I am going to assume that if you are reading this blog post that you do not have an electronics product for sale at all Best Buy retail stores. And we will skip the overview of channel sales and get right down to some of the channels (broadly defined) that work in K12.
The Big IT Resellers
CDW-G and Synnex (with their associated sub-channels) handle much of the K12 reseller sales. They have massive sales teams with regional coverage and they will sell their clients just about anything.
Some products are a very good fit for these guys. Hardware of all kinds is generally easy to sell and because a reseller rep can have the hardware in his hand, he can generally make the sale. Security software is also a nice fit for the large reseller sale because it is a nice add-on to the simple hardware sale. Protective cases – same thing.
Other products are more difficult to sell through the big guys. If you need a demo to sell your product, then it may not be a good fit for the big reseller channel. The message gets lost in translation as it moves from regional manager to regional rep and you might cringe at how those reps are positioning your product.
If your average sale price is small compared to other products in K12 it may be neglected by regional reps. They may run the risk of jeopardizing their core product sales with add-ons like yours.
Perhaps most importantly, if there is an established incumbent that you are trying to dethrone with your product, you will have some serious convincing to get the reseller reps to push you above the sure thing.
A Smaller Alternative
Like many business sectors, K12 sales are heavily relationship driven – for better and worse. While the large resellers can certainly build relationships like anyone else, there are a number of regional, smaller resellers, many of whom emerged out of the school systems themselves, and are well tuned to their local markets. One example is New Mind Group out of Michigan. These guys provide an extra layer of service to their clients to ensure that their sales stick and that their customers are happy.
Tierney Brothers is another small reseller that might be a good fit for your product. Based out of Minnesota, this team focuses on interactive solutions to different verticals. With a narrowed focus, the team is able to provide a high level of expertise to their clients that someone selling you anything and everything might not be able to offer.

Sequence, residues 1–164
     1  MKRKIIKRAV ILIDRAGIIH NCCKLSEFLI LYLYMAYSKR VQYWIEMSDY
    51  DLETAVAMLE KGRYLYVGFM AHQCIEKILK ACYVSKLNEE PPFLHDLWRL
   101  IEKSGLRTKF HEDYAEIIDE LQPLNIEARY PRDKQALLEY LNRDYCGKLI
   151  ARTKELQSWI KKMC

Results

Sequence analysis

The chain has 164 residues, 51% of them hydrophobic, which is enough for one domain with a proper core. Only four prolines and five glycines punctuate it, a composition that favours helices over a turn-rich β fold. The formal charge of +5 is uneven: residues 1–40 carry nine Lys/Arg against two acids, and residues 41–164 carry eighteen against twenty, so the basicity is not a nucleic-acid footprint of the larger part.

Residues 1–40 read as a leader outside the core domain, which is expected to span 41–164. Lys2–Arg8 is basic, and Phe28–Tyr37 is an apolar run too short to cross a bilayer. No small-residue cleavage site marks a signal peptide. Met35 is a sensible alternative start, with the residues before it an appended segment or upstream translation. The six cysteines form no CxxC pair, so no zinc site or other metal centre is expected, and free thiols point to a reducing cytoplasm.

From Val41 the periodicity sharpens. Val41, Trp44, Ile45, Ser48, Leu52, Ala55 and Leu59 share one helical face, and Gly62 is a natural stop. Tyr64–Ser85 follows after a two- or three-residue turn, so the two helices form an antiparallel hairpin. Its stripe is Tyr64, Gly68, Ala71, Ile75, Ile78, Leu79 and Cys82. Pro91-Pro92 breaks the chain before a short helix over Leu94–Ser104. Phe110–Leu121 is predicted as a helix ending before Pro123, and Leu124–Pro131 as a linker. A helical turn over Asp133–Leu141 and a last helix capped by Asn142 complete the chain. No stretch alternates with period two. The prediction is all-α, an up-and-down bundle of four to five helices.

Education Service Agencies
Aside from the reseller channel there are other, less conventional, sales channels to consider in K12. Education Service Agencies (ESA’s) are a strange construct. These government institutions sit between the public school district and the state in the bureaucracy and can act as both a cooperative negotiation mechanism on behalf of many schools or districts at once and serve as an implementation partner. They become a channel, in a sense, once you hatch a contract because they can then essentially ‘sell’ your product to the districts they represent. They do not actually carry out the transaction, but they will sometimes write contracts to support your sale with technical assistance in exchange for a percentage of the revenue. This motivates to represent your product to their member districts.
Professional learning contractors will sometimes rep your product. You want to be careful here because it is unprofessional for both you and the trainer to push a product that is not necessarily a good fit just because you want to sell and your trainer friend would like a spiff. However, if there is someone who specializes in training in an area directly related to your service, there is no harm in compensating someone who may already be an advocate of what you have to offer.
There are a number of education platforms that may be able to assist you with your sales. EdSurge has categorized several categories of curators or aggregators of education offerings. Education app curators, and content resource curators are two examples. Edmodo is a social education platform with millions of teacher users and has both a content marketplace and an invitation for education company partners. Google has the Play store. Apple has the App store. And in the future we can probably expect to see the front running free platforms like Class Dojo, Clever, and Remind opening possibilities for vendor partnerships.
The education platform channel is nascent. Experiment where you can and then commit where you have success. You may find one platform to be a ghost town for your type of product, and then discover another to be the bustling bazaar that takes you to your next level of sales.
The Channel Commitment
You don’t go into channel sales without some infrastructure development and a commitment to relationship management. A half-hearted commitment to channel sales will frustrate all parties and is unlikely to help you meet your goal of growing company revenue. You will know when you are ready – and when you are, be sure to jump in with both feet.